More than 40 people were injured in Taiwan after Typhoon Haikui ripped across the island, uprooting trees and forcing thousands to evacuate.
The storm - which made landfall on Sunday on the east coast - was the first to directly hit the island in four years.
Amid torrential rain and high winds, two people in a mountainous region were hurt after a falling tree hit a car.
Dozens others were injured - mainly by falling debris, said officials.
The storm packed winds of up to 200km/h (124 mph) but have been no reports of deaths or any major structural damage.
On Monday, clean-up crews were working on restoring services after 160,000 homes lost power the previous day.
Although this is typhoon season in the Western Pacific - with 11 so far - Haikui is the first major storm to directly hit Taiwan in four years.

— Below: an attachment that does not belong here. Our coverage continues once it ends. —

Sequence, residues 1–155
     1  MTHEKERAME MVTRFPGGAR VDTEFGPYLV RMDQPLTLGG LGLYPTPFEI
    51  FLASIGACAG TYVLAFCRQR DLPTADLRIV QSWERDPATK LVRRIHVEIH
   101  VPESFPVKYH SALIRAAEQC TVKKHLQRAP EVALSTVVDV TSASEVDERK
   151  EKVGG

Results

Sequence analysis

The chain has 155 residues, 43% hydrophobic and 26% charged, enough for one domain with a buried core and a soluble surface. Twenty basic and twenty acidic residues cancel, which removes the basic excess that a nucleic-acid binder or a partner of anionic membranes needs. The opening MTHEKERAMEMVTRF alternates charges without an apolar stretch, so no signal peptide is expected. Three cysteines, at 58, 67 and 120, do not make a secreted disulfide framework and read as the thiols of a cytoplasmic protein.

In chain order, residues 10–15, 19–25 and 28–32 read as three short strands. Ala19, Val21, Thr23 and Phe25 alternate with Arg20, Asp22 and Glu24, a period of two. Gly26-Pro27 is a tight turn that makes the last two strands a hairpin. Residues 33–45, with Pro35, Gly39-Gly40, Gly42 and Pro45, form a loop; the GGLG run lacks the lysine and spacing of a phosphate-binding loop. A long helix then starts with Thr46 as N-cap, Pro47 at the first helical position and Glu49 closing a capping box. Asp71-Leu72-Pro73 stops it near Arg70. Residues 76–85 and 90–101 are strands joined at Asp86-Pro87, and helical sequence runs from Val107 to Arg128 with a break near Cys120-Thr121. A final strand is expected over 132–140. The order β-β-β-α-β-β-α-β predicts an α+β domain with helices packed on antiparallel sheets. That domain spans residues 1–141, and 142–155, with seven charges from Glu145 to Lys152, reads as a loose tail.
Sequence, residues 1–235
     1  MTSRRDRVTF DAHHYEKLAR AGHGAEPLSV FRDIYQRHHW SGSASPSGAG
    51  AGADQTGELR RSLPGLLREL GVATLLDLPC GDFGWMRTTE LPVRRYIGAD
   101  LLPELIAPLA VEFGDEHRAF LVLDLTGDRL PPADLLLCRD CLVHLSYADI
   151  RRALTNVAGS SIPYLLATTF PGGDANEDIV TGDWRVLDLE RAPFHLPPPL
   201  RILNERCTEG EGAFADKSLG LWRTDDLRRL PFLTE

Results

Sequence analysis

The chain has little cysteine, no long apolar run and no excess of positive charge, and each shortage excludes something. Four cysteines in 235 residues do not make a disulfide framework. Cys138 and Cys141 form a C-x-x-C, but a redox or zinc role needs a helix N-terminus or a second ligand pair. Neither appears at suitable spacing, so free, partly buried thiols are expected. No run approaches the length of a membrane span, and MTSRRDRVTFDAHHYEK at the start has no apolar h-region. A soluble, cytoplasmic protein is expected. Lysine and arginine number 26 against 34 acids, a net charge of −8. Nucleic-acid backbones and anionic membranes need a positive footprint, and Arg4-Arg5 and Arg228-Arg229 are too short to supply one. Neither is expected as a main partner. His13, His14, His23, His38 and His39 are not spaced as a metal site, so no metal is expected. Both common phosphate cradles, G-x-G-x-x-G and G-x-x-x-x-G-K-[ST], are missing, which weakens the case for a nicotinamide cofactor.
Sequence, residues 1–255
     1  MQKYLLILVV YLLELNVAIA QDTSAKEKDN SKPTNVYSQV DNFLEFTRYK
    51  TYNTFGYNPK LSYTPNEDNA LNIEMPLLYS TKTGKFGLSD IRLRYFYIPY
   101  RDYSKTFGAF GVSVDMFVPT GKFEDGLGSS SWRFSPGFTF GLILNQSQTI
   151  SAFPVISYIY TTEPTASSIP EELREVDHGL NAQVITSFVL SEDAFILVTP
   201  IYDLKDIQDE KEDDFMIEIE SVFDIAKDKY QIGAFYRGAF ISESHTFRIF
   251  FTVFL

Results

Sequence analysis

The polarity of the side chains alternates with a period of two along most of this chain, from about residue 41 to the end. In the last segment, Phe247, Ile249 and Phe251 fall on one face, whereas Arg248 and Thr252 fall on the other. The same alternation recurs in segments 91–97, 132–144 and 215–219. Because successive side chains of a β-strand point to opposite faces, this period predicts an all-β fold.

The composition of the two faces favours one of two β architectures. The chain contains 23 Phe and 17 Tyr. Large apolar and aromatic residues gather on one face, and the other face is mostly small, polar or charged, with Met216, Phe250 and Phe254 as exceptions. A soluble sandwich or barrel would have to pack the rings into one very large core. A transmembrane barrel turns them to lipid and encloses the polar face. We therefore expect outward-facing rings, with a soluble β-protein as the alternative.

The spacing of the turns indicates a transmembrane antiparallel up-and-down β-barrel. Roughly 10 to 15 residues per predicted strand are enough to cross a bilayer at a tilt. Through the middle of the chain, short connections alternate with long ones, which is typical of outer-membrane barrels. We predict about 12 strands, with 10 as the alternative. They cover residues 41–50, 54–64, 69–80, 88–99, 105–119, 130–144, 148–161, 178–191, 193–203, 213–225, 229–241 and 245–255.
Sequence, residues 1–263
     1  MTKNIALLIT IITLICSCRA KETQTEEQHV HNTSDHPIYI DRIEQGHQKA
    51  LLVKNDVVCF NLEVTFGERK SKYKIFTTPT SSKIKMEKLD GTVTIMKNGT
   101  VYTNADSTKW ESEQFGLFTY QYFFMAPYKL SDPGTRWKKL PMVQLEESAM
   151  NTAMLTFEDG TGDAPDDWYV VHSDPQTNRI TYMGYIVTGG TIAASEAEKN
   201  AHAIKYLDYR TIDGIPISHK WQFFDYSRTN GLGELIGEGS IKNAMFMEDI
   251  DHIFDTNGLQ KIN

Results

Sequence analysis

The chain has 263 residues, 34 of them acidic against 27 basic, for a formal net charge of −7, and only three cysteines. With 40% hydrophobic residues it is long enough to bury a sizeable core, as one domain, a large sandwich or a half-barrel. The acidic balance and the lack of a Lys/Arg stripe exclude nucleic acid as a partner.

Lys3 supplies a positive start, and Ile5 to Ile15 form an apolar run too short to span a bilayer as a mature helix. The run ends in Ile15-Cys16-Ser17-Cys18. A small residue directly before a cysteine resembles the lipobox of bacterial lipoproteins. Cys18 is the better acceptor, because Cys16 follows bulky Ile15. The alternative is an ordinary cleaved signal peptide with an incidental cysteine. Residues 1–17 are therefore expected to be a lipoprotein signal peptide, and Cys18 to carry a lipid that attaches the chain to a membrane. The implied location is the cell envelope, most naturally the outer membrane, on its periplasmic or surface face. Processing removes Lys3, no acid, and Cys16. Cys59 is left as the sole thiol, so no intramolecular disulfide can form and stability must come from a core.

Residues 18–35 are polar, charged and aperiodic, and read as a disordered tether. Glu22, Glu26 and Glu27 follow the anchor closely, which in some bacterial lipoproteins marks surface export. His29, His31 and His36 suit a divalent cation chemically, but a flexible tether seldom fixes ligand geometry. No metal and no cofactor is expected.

Businesses, schools and other places remained closed on the island, while domestic flights and ferry services to surrounding islands were cancelled.
Taiwan's southern and eastern regions were the worst-hit, while the capital Taipei on the island's northern tip received rains.
Ahead of the storm's landfall, more than 7,000 people were evacuated from areas where authorities feared the storm could trigger landslides and other collapses.
Haikui has now weakened to a tropical storm and moved out into the Taiwan Strait, heading to China's southern coast where it is due to hit on Monday night local time.
It comes just two days after Typhoon Saola, which bypassed Taiwan but sparked Hong Kong and southern China's highest storm threat in its approach. The storm arrived on Saturday, lashing Hong Kong but damage was less than expected.
Chinese authorities on Monday extended warnings from Saola into Haikui as the new typhoon approached, calling on boats to come into harbour with strong winds and big surf.